In 2007, a sign was erected along the Tallahatchie River in Mississippi, marking the spot where the body of Emmett Till was pulled from the water in 1955. The murder of Till, a 14-year-old African-American boy who was brutally killed by two white men, became a galvanizing incident of the Civil Rights Movement. But over the years, the memorial commemorating his death has been repeatedly vandalized—first stolen, then shot at, then shot at again, according to Nicole Chavez, Martin Savidge and Devon M. Sayers of CNN. Now, the Emmett Till Memorial Commission is planning to replace the damaged memorial with a bulletproof sign.
This will be the fourth sign that the commission has placed at the site. The first was swiped in 2008, and no arrests were ever made in connection with the incident. The replacement marker was vandalized with bullets, more than 100 rounds over the course of several years. Just 35 days after it was erected in 2018, the third sign was shot at as well.
The third memorial made headlines recently when Jerry Mitchell of the Mississippi Center for Investigative Reporting, in conjunction with ProPublica, revealed that three University of Mississippi students had been suspended from their fraternity house after posing in front of the sign with guns, in a photo that was posted to the private Instagram account of one of the students. The Justice Department is reportedly investigating the incident.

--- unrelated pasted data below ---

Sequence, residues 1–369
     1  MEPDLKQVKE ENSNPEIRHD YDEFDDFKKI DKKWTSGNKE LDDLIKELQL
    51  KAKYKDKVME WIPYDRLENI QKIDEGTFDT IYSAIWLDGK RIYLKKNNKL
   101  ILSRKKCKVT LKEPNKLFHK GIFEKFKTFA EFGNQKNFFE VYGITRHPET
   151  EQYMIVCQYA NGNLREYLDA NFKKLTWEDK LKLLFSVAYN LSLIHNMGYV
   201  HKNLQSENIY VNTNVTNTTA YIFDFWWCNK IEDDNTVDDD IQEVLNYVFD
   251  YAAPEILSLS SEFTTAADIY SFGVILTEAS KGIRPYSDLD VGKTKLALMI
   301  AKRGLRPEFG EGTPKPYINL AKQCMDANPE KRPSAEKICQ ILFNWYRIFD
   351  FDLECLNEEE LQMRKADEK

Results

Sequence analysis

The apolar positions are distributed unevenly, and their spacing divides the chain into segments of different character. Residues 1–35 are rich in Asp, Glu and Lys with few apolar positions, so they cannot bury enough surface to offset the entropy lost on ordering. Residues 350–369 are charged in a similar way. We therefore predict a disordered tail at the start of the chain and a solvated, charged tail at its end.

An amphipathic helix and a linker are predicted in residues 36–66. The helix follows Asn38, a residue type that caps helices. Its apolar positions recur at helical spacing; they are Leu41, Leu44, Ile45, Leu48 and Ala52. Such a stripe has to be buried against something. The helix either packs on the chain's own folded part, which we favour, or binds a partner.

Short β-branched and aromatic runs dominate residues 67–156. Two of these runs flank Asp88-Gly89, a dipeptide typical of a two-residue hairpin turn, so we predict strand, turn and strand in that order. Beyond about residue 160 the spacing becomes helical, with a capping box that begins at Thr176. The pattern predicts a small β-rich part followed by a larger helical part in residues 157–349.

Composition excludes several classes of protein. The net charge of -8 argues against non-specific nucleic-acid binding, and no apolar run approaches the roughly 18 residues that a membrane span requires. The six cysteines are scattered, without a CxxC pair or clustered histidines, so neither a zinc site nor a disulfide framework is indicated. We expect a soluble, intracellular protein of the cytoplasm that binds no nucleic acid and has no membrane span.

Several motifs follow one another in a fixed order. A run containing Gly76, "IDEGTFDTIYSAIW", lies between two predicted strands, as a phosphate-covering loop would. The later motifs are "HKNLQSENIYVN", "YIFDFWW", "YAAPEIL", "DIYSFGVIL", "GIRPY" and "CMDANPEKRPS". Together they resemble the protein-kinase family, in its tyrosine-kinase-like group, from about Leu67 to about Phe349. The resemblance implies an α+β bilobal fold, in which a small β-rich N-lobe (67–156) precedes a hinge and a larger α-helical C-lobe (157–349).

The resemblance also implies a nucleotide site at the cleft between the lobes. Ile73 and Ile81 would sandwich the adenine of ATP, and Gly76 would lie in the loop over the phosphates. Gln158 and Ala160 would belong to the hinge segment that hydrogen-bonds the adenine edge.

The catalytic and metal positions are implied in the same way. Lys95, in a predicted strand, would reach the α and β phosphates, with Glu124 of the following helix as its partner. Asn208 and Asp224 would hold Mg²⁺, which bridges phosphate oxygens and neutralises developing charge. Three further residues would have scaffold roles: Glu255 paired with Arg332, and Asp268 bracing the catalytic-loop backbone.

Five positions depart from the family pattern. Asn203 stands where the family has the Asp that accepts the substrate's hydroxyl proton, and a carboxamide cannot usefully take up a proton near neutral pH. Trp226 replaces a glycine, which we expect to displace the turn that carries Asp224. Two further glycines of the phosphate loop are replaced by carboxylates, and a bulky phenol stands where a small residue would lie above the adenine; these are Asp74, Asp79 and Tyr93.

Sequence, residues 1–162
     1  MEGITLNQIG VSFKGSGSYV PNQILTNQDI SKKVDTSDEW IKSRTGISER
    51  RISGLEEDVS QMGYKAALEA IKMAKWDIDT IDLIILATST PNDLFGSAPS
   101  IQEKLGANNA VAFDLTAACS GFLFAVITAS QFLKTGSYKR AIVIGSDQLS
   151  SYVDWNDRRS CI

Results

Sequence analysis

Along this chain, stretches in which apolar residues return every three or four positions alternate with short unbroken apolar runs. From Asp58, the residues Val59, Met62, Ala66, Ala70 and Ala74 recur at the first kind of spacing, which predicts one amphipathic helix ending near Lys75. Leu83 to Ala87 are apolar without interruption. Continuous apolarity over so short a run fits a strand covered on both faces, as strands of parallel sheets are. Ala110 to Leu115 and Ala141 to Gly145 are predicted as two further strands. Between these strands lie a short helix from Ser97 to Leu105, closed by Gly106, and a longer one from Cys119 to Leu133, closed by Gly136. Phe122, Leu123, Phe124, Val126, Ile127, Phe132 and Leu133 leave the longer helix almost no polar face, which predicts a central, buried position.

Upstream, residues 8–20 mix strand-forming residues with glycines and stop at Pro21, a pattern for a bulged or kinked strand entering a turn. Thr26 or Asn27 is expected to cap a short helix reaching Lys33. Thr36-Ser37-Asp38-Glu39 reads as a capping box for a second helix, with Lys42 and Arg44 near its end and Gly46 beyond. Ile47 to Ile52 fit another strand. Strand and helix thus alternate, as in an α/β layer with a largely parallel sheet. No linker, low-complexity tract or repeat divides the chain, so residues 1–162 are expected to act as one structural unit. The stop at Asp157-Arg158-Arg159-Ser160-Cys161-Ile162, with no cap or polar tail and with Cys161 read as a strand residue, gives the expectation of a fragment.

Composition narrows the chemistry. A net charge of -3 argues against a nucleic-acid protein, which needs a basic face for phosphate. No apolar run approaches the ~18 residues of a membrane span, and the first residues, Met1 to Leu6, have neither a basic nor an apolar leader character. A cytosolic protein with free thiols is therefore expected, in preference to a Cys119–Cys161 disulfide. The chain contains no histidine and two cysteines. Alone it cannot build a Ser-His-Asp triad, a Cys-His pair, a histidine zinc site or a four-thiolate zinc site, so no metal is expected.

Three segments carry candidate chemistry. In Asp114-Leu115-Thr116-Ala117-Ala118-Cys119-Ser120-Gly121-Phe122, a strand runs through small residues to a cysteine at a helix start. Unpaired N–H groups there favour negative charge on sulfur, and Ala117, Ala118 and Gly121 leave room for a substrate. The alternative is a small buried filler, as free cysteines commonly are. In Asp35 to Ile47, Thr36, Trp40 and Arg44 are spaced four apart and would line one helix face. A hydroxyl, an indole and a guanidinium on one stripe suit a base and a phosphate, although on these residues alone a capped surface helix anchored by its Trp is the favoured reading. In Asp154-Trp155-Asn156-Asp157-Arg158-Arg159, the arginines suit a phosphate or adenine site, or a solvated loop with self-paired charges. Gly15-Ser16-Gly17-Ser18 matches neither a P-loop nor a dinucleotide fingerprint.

The sign has now been taken down, and a new one is “on its way,” Patrick Weems, executive director of the Emmett Till Memorial Commission, said last week, according to CBS News. Chavez, Savidge and Sayers of CNN report that the replacement memorial will weigh 600 pounds and be made of reinforced steel. It is expected to go up by the Tallahatchie River in October.
“Unlike the first three signs, this sign calls attention to the vandalism itself,” the commission noted. “We believe it is important to keep a sign at this historic site, but we don’t want to hide the legacy of racism by constantly replacing broken signs. The commission hopes this sign will endure, and that it will continue to spark conversations about Till, history, and racial justice.”